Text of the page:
A Bite to Eat: Summer Biting InsectsSummer not only brings stinging insects, but some biting ones too. There are three common biting insects to keep on your radar as you apply the insect repellant and head outdoors: mosquitoes, horseflies, and ticks.
The stealthy mosquito is a summer pest for many of our customers, and our seasonal service is an important tool in reducing their populations in your yard. You generally don’t realize you’ve been bitten until after the mosquito is gone, as they are equipped with saliva that acts as a numbing agent in concert with their surgical piercing-sucking mouthparts, which has an insertion delicacy that rivals a hypodermic needle. The blood meal takes an instant and is over, leaving behind a raised, red bump: an allergic reaction to their saliva. Only female mosquitoes have a thirst for blood, and the meal is necessary approximately every two days for the mosquito to lay her eggs. Prevention, therefore, is the best approach to pest control for mosquitoes.
Studies have tried to determine why some people are, unfortunately, “mosquito magnets.” These studies suggest that a variety of factors play into why certain people are more attractive to mosquitoes than others, ranging from skin microbiota, blood types, and carbon dioxide emissions. Even certain color clothing can increase your attractiveness to mosquitoes, with the most attractive being red, orange, black, and cyan.
Unlike mosquitoes, horseflies are brutal in their bite. Female horse flies use their sharp mouthparts to cut the skin of their prey, before lapping up their blood meal with a tongue-like mouthpart. Male horse flies do not require a blood meal to reproduce, feeding on nectar and pollen. But anyone who has encountered a female horsefly can attest that they are intensely single-minded, continuing to attack their victim until they procure an adequate blood meal. Your best strategy while under attack is to grab a flyswatter and win the fight before they can bite you. Their large size and clumsy, aggressive approach make it easier to control these pests as you spot them.
The horsefly’s aggressive, all-in approach, however, is entirely different to our last stealthy-summer biting insect – the tick. Ticks are engineered to evade notice until they have taken a lengthy blood meal, and potentially delivered a virus into your system. The mouthparts and feeding pattern of a tick is different from that of a mosquito or a horse fly. Their highly evolved mouthparts are designed not for a quick meal, but rather a long course of up to ten days if left undisturbed. A male or female tick must take a blood meal each time it progresses from larva to nymph to adult, and both males and females need blood meals to reproduce.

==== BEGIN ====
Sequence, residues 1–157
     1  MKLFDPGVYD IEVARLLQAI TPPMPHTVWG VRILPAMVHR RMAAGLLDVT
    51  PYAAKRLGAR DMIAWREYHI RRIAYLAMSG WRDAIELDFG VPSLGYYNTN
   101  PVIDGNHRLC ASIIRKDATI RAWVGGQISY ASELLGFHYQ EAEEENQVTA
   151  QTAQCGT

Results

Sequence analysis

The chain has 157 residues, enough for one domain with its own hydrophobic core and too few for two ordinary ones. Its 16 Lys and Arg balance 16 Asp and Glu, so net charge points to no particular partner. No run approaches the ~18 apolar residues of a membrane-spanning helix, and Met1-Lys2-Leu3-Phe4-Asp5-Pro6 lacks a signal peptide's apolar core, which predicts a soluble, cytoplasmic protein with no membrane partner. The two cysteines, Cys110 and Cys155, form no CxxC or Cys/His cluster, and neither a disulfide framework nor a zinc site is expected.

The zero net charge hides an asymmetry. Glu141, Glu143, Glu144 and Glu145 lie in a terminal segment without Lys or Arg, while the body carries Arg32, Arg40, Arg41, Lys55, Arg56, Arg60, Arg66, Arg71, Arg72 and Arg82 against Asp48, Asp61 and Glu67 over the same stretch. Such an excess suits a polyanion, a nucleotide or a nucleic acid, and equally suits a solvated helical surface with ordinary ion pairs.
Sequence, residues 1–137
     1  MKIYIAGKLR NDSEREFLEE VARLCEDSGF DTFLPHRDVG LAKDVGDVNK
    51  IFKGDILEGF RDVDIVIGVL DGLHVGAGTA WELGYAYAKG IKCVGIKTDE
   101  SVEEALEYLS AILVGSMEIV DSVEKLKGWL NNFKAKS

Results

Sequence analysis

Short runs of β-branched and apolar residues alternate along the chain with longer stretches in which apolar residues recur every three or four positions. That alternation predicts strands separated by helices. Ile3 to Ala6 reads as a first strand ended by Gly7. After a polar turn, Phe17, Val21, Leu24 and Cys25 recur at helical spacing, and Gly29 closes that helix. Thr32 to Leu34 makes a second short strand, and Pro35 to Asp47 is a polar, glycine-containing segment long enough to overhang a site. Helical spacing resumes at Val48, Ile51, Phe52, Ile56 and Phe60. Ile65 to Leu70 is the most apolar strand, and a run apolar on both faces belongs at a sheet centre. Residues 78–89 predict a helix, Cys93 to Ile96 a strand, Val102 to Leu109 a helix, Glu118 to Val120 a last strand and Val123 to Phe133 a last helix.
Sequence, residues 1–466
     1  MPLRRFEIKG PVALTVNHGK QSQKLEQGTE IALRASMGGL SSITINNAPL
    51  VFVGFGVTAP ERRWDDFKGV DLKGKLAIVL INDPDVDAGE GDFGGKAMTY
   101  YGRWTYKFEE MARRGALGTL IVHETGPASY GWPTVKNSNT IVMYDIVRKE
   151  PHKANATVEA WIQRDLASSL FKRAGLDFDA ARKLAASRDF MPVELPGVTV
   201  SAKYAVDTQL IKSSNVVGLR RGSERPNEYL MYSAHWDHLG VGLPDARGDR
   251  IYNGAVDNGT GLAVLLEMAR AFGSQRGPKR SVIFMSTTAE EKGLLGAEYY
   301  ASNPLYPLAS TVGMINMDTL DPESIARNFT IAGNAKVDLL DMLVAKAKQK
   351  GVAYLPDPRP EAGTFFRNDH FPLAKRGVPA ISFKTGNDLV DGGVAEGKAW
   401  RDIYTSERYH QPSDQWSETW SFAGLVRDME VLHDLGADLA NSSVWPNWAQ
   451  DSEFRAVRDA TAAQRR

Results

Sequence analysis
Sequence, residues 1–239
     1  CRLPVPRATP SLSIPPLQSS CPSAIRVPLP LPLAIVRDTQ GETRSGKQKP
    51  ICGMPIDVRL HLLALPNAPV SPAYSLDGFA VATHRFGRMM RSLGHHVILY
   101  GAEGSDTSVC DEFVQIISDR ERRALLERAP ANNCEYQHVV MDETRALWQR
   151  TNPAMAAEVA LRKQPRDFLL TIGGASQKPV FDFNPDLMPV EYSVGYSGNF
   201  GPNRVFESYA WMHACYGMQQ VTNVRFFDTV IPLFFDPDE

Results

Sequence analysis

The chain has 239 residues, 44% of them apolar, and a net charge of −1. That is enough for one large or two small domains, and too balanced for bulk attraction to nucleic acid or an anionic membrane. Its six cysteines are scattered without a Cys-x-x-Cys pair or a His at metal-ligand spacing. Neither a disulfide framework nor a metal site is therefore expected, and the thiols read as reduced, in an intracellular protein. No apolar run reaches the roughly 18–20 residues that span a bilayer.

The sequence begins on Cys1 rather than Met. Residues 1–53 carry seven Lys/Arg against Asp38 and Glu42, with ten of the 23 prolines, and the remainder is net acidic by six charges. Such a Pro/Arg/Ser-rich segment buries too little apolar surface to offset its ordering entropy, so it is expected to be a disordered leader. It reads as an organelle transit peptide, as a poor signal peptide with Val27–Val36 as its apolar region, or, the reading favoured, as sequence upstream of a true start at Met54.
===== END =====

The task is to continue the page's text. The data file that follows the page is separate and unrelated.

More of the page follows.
A tick’s mouthparts are covered in hooks designed to penetrate the surface of the skin and remain attached. The two sets of hooks resemble a hand with three fingers which bend in unison to dig and wriggle into the skin, cutting it out of the way so that the chainsaw-like hypostome can push in and extract the blood. Some biologists refer to this action as “swimming” into your body in a kind of dermatological breaststroke. The hypostome hooks anchor the tick into your skin and hold it intact for the blood meal. Insect repellant is advisable and very helpful, as is our summer seasonal mosquito and tick program, but a quick, post-outdoor self-inspection of your body is recommended to make sure these parasites haven’t attached themselves to you. There are dozens of tick species to watch out for, including the lone star tick and the American dog tick which carry the bacterium that cause Rocky Mountain spotted fever. However, the tick with the worst reputation is the deer tick (ixodes scapularis), also known as the blacklegged tick. The deer tick carries the bacterium for Lyme disease, as well as anaplasmosis and babesios.